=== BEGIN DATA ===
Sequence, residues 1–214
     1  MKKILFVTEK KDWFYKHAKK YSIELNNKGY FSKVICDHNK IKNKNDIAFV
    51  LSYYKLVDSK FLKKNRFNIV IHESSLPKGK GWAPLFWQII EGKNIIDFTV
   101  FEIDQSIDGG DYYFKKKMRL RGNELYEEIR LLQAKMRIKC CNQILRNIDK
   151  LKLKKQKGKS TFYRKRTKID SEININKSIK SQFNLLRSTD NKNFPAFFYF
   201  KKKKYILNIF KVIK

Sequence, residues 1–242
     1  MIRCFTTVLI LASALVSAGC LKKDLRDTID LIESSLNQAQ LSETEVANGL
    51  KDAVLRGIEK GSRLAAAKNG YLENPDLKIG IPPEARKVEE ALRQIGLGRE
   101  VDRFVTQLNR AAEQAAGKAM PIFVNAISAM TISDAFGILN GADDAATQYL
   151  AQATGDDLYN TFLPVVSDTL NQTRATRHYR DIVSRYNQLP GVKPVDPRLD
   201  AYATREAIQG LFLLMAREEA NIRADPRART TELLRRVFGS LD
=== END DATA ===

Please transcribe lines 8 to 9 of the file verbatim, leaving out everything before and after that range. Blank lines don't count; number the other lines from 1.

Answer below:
     1  MIRCFTTVLI LASALVSAGC LKKDLRDTID LIESSLNQAQ LSETEVANGL
    51  KDAVLRGIEK GSRLAAAKNG YLENPDLKIG IPPEARKVEE ALRQIGLGRE